With respect to the needle of the type disclosed in U.S. Pat. No. 2,869,550, it is obvious that the longer the knife blade, the less metal there is at the tip and the greater the danger of turning the tip with burr formation. In the past, when this type needle had to be used for hard tissue material, the tip edge was blunted as disclosed in the Kurtz U.S. Pat. No. 3,094,123 in order to allow a long cutting action. Similar reasoning applies for the conventional cutting edge needles of the type fully discussed in the Kurtz U.S. Pat. No. 2,869,550. The longer the edge which slip through tissue on entering, the sharper the needle and the less required force per unit time to make a completely developed hole. The reasons for desiring an extremely sharp needle with structural integrity is discussed in detail in the aforecited Kurtz U.S. patents. A sharper needle results in a smaller opening and a minimization of trauma. Obviously, needles which break or bend while in use or which tear through tissue are undesirable. On the other hand, it is very desirable to have needles which require minimum force when penetrating tissue.

SUMMARY OF THE INVENTION

Thus, a purpose of the present invention is to provide a surgical cutting instrument which is both sharp enough and strong enough to cut through hard body tissue without burring or otherwise becoming deformed at its point and which requires a minimum amount of force in its use.

According to the present invention, there is provided a surgical cutting instrument having a main cutting edge extending from one side of the needle to a point near the other side thereof and passing through the axis of the needle, the main edge being formed by the intersection of two planar surfaces. As a matter of convention, the side of the needle having the main cutting edge is referred to as the "bottom" of the needle and the plane defined by the main cutting edge and the axis of the needle point or tip is referred to as the "reference plane," so that when the main edge is on the bottom, the reference plane is vertical. It is apparent, however, that the needle could assume any orientation in practice.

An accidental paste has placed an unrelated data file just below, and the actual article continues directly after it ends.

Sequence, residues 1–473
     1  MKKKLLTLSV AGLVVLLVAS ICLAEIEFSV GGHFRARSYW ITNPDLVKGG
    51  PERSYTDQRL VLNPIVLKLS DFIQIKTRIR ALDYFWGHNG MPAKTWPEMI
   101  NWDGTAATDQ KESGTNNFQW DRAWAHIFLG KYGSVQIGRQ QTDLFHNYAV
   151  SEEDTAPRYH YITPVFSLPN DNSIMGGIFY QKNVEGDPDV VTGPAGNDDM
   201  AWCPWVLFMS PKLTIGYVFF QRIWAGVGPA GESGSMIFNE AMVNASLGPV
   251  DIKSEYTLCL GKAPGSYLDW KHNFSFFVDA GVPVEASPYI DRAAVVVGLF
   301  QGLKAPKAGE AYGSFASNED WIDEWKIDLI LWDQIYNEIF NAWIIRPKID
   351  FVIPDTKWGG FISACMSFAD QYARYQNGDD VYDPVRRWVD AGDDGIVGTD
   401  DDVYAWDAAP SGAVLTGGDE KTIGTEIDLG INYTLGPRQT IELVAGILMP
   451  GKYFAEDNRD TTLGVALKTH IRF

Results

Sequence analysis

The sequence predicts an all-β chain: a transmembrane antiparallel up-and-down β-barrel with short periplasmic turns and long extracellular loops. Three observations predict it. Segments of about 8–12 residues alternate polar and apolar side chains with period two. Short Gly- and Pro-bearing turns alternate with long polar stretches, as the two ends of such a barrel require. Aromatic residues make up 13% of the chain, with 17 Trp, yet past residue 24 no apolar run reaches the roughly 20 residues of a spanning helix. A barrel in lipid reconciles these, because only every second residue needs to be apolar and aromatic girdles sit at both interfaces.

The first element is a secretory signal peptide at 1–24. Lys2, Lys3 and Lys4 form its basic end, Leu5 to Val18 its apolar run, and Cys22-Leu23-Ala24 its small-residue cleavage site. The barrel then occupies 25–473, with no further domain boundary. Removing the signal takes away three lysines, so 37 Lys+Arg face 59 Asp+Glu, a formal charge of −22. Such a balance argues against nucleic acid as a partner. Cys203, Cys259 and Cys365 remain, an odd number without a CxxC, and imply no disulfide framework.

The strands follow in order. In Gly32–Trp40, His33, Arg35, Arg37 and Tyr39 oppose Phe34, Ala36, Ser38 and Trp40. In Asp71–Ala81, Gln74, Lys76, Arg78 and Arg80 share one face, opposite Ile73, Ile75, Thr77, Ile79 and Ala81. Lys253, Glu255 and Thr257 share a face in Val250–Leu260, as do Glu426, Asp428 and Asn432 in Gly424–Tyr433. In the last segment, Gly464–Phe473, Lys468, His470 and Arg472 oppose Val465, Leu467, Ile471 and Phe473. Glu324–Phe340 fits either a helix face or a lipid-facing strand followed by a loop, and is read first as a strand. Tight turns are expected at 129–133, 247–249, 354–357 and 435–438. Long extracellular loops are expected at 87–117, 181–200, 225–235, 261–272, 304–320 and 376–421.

It is an object of the present invention to form a new improved surgical cutting needle for cutting through bone or other hard tissue which overcomes the disadvantages of previously known surgical cutting needles. It is also an object of the present invention to provide a surgical needle that has sufficient metal at the tip to minimize the danger of burr formation, has a long knife blade, has longer edges which slip through the tissue on entering, and requires less force per unit time to make a completely developed hole.

A surgical needle according to the present invention has an extremely long cutting edge formed by the intersection of two substantially planar surfaces and a secondary cutting edge having a different, sharper angle and which is located proximate to the tip of the needle. Such a needle permits as long a cutting action as possible, yet has a greatly decreased possibility for burr formation. Thus the resultant needle has two differently shaped cutting edge points, the main cutting edge being as long as possible and the secondary cutting edge being blunter and confined close to the tip of the needle.

In a presently preferred embodiment of the invention, the surgical instrument comprises a curved body portion and a cutting tip portion. The axis of the curved body portion defines a reference plane. The cutting tip portion has a main cutting edge that is formed by the intersection of first and second substantially planar surfaces, the main cutting edge lying in the reference plane and on a line which intersects the needle axis. A third planar surface intersects the first and second planar surfaces so as to form corresponding acute angles therewith and a forward end point that is located within the fictive circumferential boundaries of the tip portion.